What If You Can't Pay Tax On Time?

Ines Zemelman, EA 12-Mar-12

IJ Zemelman

Few things strike fear into the heart of an American (expat or stateside) than an impending April 15th deadline when one expects to owe more than he can pay. To make matters worse than they need to be, this only somewhat rational fear of the IRS causes many Americans to simply fail to file. But communication is key, even with the IRS, and there are ways to face tax time with little to no fear, even if you cannot afford to pay by tax time.

If you cannot pay your owed taxes and fail to communicate with the IRS in the above mentioned ways, the IRS will not be so kind in their communications with you. In fact, failure to pay taxes can result in an IRS lien on your assets.

Many do not understand the seriousness of an IRS lien, but this essentially means that the IRS will collect what is owed if you have anything at all of value. They can take the profits from your home when to sell, mar your credit score, pull money from your checking or savings accounts (from any account associated with your social security number, even if you are not the only name on the account), withdraw money from 403b and 401k accounts...and if you’re working, they can draw straight from your pay check.

Because few creditors can be as fierce as the IRS, it is often wiser to borrow money in order to pay the IRS on time. Do your research and decide whether installment payments to the IRS or monthly loan repayments would be a better choice for your family and work situation.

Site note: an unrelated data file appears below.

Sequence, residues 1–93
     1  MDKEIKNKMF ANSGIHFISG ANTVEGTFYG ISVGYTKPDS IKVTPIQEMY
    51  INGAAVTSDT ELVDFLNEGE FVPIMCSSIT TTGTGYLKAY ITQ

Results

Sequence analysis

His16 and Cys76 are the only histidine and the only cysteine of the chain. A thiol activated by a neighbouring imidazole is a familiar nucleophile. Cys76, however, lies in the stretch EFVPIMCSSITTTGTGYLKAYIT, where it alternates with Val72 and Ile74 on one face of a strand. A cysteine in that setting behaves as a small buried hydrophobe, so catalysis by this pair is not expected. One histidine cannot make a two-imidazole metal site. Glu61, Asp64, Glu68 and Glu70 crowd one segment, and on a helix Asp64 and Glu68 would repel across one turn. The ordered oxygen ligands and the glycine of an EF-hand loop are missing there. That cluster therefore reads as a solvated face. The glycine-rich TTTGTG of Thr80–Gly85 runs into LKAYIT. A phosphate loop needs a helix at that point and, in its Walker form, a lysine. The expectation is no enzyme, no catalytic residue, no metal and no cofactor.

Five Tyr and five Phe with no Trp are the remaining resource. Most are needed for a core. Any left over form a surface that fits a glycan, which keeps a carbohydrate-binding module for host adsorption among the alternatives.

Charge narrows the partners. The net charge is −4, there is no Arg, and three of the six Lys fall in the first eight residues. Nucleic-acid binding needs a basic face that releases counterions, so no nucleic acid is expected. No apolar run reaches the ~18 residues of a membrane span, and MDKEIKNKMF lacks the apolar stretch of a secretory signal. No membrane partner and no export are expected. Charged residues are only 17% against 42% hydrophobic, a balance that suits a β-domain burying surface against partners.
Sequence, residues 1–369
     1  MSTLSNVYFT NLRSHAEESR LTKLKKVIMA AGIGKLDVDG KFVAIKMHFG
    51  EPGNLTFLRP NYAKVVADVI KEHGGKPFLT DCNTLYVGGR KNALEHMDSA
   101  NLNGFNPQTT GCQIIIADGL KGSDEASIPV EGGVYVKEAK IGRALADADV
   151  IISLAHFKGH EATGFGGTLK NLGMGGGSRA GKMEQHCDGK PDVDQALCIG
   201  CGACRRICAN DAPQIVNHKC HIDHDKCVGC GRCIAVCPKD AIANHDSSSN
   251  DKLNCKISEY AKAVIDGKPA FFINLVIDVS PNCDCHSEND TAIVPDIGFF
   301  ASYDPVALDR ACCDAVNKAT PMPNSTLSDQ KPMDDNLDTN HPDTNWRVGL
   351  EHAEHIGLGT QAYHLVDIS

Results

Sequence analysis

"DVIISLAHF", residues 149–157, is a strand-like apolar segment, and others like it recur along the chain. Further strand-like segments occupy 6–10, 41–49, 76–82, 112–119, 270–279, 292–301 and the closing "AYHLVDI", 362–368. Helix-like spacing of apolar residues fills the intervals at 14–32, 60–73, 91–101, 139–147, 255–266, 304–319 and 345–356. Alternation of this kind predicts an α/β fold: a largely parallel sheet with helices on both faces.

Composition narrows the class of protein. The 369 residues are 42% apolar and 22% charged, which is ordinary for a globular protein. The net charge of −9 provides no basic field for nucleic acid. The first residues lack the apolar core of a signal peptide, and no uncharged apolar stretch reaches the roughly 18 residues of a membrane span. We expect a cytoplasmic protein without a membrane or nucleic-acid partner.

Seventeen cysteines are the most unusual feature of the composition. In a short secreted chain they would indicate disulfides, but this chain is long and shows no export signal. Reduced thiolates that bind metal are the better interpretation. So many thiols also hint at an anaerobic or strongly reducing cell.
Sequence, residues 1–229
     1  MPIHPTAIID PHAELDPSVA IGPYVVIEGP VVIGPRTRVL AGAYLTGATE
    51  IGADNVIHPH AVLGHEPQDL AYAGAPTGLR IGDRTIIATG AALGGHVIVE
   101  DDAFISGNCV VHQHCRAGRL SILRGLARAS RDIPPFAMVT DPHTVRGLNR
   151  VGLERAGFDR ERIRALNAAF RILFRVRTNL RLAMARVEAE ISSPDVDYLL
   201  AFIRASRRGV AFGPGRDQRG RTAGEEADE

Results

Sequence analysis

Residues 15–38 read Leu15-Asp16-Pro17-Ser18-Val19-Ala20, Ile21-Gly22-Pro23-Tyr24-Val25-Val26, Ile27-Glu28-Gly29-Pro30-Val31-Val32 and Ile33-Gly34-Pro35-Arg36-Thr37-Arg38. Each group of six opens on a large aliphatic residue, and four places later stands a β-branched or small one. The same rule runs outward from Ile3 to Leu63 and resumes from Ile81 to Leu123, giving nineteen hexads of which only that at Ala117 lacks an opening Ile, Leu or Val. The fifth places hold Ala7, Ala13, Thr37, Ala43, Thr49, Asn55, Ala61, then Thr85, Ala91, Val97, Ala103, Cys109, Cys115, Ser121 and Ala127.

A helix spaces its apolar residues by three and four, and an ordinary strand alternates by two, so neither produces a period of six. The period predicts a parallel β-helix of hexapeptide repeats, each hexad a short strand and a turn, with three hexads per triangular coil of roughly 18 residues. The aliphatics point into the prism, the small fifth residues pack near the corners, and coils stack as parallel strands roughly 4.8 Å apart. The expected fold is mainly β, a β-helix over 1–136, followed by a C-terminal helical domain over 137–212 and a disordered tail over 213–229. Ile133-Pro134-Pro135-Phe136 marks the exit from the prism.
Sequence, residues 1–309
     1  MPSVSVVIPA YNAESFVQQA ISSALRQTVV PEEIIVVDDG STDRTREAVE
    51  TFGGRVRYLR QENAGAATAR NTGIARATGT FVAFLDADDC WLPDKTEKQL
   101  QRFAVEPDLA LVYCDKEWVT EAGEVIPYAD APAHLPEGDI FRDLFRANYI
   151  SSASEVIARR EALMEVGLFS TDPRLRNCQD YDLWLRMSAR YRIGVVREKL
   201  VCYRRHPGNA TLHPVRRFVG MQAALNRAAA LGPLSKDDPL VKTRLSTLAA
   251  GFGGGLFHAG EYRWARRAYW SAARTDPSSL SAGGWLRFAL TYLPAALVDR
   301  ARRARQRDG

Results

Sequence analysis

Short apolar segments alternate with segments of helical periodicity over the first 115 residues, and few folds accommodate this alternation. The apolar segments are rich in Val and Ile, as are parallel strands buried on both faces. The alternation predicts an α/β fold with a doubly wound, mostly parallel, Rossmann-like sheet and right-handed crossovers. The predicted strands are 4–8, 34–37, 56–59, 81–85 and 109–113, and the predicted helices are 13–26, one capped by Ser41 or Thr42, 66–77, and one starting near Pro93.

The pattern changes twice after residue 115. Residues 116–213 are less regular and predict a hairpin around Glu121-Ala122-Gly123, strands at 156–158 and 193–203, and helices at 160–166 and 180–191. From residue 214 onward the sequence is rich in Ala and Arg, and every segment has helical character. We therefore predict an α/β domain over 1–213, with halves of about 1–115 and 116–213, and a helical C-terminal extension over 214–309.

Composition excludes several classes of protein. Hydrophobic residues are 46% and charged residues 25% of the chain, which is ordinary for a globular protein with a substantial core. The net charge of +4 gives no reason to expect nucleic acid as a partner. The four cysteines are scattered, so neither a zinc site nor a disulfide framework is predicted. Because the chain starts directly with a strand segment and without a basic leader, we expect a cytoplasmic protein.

If you owes taxes and fails to file a return by April 15th, a failure to file penalty will be applied. This penalty amounts to 5%, assessed monthly (up to 25% of the total tax due can be assessed). To avoid this penalty, you must either file on time or file for an extension on time. After the extension period has lapsed, if the tax has still not been paid, fees will be retroactive from April 15th.


If you file your taxes on time but to not submit payment at that time (assuming payment is owed), a failure to file penalty will be applied even if you filed for an extension (and paid within the time frame of that extension). The payment date it April 15th, even if the filing date has been extended. The Failure to Pay penalty is .5% each month to a maximum amount of 22.5% of the total owed. The way to avoid this penalty is to pay, or make arrangements to pay, by April 15th.


Self-employed individuals are required to make quarterly payments to the IRS. These payments are estimated tax and are based on your previous year’s self-employment income. If these payments are estimated accurately, they may be penalized at a rate of 8% annually. Therefore, it is very important to seek professional tax advice in the matter of estimated tax.


In addition to the above mentioned penalties, interest is also accrued. This rate is currently around 1% monthly.

Clearly, it is very important to learn the deadlines and educate yourself on the penalties of filing and paying late. For help in any of these important matters, please contact the experts are Taxes for Expats today!

Ines Zemelman, EA
Ines Zemelman, EA
founder of Taxes for Expats
She may be reached at: